How to build a long, straight, and sturdy fence for a table saw with a long table. This fence could be used for ripping long stock on a standard contractor saw or for cutting flats on logs on a saw with a large blade.
Do you need an extra-long fence that will stand up to heavy use? The DIY table saw fence described in this article is simple to build and we show you how to make it up to 24 feet long.
Most people don’t need a fence that long but we’ll show you how and you can customize the length to fit your needs.
DIY Table Saw Fence, Extended Fence for a Table Saw
The fence on a table saw acts as a guide for the piece of wood being cut. If you have long stock to rip, extending the fence or using a longer fence is a good idea.
The more of the stock you can keep against the fence, the easier it is to make a straight cut. Let’s take a look at how to make a DIY extended fence for a table saw.
Table Saw Fence Considerations
The fence in this article is 24 feet long, but you can make it longer or shorter as needed. The technique is the same and we’re using 24 feet to demonstrate that technique.
Make a DIY table saw fence as straight as possible. Use the factory cut edge of a piece of plywood as a straightedge to align the pieces for the base of the fence.
Wherever you join two lengths of wood for the base of the fence, use a factory cut edge for the butt plate and another one to align it.
A 24 Foot-Long Fence
Purchase two sheets of a 4-by-8 foot, 3/4-inch thick birch plywood, and have the home center or lumberyard rip two, 12 1/2-inch wide pieces off the factory edges of both sheets. A 12-inch wide rip cut is the narrowest cut most home centers will do for safety reasons.
Having the home center or lumber yard make these four cuts will save you some trouble. Be sure to mark the factory edges before they make the cuts.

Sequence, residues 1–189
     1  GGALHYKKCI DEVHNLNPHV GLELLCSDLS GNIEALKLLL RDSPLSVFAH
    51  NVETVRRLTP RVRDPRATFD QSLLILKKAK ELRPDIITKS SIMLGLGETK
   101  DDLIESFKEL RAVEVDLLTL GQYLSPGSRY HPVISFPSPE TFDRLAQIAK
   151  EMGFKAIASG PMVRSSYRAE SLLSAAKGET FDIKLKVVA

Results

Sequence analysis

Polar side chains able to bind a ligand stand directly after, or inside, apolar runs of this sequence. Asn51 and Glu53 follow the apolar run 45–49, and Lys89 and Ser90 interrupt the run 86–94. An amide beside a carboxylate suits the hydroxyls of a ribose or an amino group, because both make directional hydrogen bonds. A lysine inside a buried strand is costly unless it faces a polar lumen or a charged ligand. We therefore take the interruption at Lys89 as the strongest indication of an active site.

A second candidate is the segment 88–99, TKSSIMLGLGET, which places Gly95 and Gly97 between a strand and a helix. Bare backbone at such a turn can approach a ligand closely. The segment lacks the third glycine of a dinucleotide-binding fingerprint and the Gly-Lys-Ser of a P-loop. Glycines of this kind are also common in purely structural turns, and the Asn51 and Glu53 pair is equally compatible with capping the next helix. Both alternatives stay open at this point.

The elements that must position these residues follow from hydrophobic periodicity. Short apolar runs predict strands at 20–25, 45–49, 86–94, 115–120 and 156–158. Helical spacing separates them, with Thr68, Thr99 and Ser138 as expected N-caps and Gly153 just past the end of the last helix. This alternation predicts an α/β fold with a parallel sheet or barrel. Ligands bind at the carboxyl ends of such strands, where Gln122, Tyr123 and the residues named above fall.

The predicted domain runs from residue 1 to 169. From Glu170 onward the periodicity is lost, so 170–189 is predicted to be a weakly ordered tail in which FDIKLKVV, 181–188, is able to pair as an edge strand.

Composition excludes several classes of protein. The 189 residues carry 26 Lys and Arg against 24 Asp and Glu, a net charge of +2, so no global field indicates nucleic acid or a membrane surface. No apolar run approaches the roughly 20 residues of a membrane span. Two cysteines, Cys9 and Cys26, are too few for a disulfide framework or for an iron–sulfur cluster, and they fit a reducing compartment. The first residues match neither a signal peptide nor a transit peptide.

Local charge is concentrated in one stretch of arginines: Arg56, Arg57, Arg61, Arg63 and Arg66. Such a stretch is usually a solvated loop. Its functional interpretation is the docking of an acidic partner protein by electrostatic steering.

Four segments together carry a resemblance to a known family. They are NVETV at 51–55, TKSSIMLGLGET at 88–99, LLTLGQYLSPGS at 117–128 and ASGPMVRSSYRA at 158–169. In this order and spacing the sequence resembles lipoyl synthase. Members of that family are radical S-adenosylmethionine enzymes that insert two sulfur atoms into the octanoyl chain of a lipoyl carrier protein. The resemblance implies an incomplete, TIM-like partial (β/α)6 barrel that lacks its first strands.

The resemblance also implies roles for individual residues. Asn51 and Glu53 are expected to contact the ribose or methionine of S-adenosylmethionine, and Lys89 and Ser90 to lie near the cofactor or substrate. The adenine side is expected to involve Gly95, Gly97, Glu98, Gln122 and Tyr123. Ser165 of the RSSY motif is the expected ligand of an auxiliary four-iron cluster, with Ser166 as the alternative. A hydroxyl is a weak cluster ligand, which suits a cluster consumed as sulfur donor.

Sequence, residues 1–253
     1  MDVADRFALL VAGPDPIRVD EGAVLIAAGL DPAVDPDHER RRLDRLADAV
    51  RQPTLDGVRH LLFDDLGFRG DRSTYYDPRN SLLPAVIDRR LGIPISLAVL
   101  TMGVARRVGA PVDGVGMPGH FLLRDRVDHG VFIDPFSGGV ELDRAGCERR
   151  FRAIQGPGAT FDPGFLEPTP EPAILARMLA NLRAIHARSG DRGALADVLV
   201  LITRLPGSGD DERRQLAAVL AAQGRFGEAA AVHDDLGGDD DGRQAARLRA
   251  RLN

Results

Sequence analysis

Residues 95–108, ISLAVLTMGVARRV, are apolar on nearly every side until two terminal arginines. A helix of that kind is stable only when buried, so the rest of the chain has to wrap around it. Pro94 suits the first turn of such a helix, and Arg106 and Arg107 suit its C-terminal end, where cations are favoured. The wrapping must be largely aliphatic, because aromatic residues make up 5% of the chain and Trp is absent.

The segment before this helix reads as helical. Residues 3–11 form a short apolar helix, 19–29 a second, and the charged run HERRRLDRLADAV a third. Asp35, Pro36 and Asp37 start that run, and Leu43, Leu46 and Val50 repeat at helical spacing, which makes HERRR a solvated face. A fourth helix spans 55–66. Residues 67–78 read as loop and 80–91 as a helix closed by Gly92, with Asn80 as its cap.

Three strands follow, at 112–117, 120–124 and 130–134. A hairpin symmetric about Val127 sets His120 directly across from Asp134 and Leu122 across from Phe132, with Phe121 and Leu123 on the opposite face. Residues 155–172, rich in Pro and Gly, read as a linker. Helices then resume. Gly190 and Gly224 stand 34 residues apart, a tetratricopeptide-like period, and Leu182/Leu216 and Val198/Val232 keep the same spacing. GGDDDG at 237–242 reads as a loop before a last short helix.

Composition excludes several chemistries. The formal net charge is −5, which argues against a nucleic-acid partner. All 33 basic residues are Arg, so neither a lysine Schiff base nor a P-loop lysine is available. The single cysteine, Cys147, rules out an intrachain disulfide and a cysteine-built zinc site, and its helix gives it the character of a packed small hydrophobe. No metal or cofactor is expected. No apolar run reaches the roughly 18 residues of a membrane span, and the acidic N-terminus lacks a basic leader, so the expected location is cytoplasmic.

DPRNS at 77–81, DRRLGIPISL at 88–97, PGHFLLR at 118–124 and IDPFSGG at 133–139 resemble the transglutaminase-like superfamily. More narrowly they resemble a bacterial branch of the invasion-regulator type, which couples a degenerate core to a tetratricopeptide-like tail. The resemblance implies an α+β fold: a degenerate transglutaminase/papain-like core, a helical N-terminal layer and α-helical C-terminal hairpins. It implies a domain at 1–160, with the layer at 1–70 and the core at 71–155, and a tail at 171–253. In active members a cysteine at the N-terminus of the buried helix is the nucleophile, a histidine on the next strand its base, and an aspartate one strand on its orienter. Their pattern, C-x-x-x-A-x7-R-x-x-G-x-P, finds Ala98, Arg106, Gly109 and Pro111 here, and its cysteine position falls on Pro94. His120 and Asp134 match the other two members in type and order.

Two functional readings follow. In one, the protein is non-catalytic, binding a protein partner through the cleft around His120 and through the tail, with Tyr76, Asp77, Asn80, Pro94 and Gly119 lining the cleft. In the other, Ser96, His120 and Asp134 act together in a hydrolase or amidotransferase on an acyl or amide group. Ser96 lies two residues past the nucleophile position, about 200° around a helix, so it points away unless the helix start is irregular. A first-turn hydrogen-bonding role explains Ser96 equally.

Set your table saw up for a 6-inch wide rip cut. Place the factory edge against the fence and rip eight, 6-inch wide pieces from the four with the factory edges.
Cut two additional 6-inch wide strips off of the leftover sheets. It is important that all the pieces are the same width rather than one piece at 6 inches and one at 5 15/16 inches.
Place two base pieces end-to-end with the factory cut edges on the same side. Place the alignment piece with the factory edge against the two base pieces and clamp it in place with bar clamps.
Spread yellow wood glue over the two base pieces for 4 feet on either side of the butt joint. Lay a butt plate over the two end-to-end pieces with half of the strip overlaying each piece.
Add a third base piece to the assembly, in the same way, using a butt plate to join it to the first two pieces. Give the glue an hour to set up.
While the glue dries, make 15 fence support brackets. The brackets are right triangles with two 45-degree angles and one 90-degree angle.
The two short sides are 6-inches long. Accurately cutting the angles is essential. Cut 1 1/2 inches off one of the 45-degree corners on each piece. (See Drawing.)
Stand the base assembly on the factory edge. Glue and screw the fence support brackets to the base assembly, spacing support brackets about 15-inches apart.
Where two face pieces will meet, use two brackets about 1-inch apart. Leave a 4-inch space at the end of the base assembly so you can clamp it to the saw table.
Use yellow wood glue and 1 1/2 inch long #8 wood screws to glue and screw the faceplates to the fence support brackets and the base assembly to complete your DIY extended fence for a table saw.
Thin stock can become wedged underneath a fence if there is a gap. Ensure your extended table is flat and flush with the saw table and there are no gaps between the fence and the table.
A piece of stock that becomes wedged while cutting can turn a relatively safe operation into a deadly one.
Always firmly clamp the extended fence to the extended saw table so it can’t move.